Provided by: postgresql-client-8.4_8.4.11-1_amd64 bug

NAME

       CREATE TABLE AS - define a new table from the results of a query

SYNOPSIS

       CREATE [ [ GLOBAL | LOCAL ] { TEMPORARY | TEMP } ] TABLE table_name
           [ (column_name [, ...] ) ]
           [ WITH ( storage_parameter [= value] [, ... ] ) | WITH OIDS | WITHOUT OIDS ]
           [ ON COMMIT { PRESERVE ROWS | DELETE ROWS | DROP } ]
           [ TABLESPACE tablespace ]
           AS query
           [ WITH [ NO ] DATA ]

DESCRIPTION

       CREATE  TABLE AS creates a table and fills it with data computed by a SELECT command.  The
       table columns have the names and data types associated with  the  output  columns  of  the
       SELECT  (except  that  you can override the column names by giving an explicit list of new
       column names).

       CREATE TABLE AS bears some resemblance  to  creating  a  view,  but  it  is  really  quite
       different:  it creates a new table and evaluates the query just once to fill the new table
       initially. The new table will not track subsequent changes to the  source  tables  of  the
       query.  In  contrast,  a  view  re-evaluates  its defining SELECT statement whenever it is
       queried.

PARAMETERS

       GLOBAL or LOCAL
              Ignored for compatibility. Refer to CREATE TABLE [create_table(7)] for details.

       TEMPORARY or TEMP
              If specified, the table is created as a temporary table.   Refer  to  CREATE  TABLE
              [create_table(7)] for details.

       table_name
              The name (optionally schema-qualified) of the table to be created.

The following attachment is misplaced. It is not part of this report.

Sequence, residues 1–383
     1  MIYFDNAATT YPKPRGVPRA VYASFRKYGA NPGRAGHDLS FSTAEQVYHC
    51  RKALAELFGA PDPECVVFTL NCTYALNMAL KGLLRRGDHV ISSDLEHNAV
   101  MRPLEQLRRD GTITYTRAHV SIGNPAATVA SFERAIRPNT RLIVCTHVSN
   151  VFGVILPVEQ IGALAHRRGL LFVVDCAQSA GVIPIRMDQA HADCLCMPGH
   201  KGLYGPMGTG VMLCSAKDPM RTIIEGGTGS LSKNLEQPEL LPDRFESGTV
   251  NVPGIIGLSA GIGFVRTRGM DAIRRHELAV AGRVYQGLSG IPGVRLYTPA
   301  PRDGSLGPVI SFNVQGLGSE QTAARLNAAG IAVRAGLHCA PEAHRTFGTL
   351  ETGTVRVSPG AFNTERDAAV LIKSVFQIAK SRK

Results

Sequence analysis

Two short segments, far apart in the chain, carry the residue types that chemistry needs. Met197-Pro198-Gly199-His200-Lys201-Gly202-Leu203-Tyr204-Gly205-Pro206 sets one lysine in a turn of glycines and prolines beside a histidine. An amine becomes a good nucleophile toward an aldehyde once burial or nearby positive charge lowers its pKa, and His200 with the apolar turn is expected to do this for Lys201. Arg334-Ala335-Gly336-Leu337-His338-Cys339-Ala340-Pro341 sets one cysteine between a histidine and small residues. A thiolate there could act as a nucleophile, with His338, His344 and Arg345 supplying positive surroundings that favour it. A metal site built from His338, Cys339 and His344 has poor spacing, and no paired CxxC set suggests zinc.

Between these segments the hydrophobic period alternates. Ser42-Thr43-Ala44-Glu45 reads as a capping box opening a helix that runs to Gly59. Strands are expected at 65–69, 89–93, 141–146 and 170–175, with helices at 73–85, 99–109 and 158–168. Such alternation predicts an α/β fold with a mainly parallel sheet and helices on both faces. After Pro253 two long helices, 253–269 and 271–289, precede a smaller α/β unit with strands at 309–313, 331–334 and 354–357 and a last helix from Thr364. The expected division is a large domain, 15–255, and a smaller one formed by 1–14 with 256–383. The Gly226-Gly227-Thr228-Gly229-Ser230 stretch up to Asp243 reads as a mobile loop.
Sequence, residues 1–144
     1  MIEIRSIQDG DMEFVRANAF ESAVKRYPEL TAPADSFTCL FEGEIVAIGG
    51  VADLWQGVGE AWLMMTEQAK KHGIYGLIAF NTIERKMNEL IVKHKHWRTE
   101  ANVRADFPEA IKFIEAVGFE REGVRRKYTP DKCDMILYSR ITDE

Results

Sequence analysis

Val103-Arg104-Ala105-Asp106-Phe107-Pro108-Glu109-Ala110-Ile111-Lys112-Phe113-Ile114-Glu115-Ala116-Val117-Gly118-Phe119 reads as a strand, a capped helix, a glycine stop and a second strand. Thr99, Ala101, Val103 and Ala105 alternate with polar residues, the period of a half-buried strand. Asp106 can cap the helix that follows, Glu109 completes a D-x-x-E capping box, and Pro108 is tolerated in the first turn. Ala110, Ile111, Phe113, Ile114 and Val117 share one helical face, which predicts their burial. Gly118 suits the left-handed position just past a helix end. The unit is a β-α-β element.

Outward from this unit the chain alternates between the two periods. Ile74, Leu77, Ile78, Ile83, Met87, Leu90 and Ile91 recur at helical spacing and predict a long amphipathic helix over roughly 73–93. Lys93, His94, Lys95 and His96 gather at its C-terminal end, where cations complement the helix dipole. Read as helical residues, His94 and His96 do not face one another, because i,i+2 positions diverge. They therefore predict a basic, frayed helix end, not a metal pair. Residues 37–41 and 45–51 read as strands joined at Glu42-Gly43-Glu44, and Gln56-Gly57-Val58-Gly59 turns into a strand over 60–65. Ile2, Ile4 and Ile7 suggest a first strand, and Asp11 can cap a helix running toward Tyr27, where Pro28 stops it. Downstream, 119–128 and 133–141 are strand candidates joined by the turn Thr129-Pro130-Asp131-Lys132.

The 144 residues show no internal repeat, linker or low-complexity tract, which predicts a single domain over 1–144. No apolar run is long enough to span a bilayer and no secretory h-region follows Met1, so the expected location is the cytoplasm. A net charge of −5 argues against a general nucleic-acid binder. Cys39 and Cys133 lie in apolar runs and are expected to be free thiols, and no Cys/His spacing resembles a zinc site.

column_name
              The  name  of a column in the new table. If column names are not provided, they are
              taken from the output column names of the query. If the table is  created  from  an
              EXECUTE command, a column name list cannot be specified.

       WITH ( storage_parameter [= value] [, ... ] )
              This  clause  specifies  optional storage parameters for the new table; see Storage
              Parameters [create_table(7)] for more information. The WITH clause can also include
              OIDS=TRUE  (or  just  OIDS)  to specify that rows of the new table should have OIDs
              (object identifiers) assigned to them, or  OIDS=FALSE  to  specify  that  the  rows
              should not have OIDs.  See CREATE TABLE [create_table(7)] for more information.

       WITH OIDS

       WITHOUT OIDS
              These  are  obsolescent  syntaxes  equivalent to WITH (OIDS) and WITH (OIDS=FALSE),
              respectively. If you wish to give both an OIDS setting and storage parameters,  you
              must use the WITH ( ... ) syntax; see above.

       ON COMMIT
              The  behavior  of  temporary  tables  at  the  end  of  a  transaction block can be
              controlled using ON COMMIT.  The three options are:

              PRESERVE ROWS
                     No special action is taken at the ends of transactions.  This is the default
                     behavior.

              DELETE ROWS
                     All  rows  in  the  temporary  table  will  be  deleted  at  the end of each
                     transaction block. Essentially, an automatic TRUNCATE [truncate(7)] is  done
                     at each commit.

              DROP   The  temporary  table  will be dropped at the end of the current transaction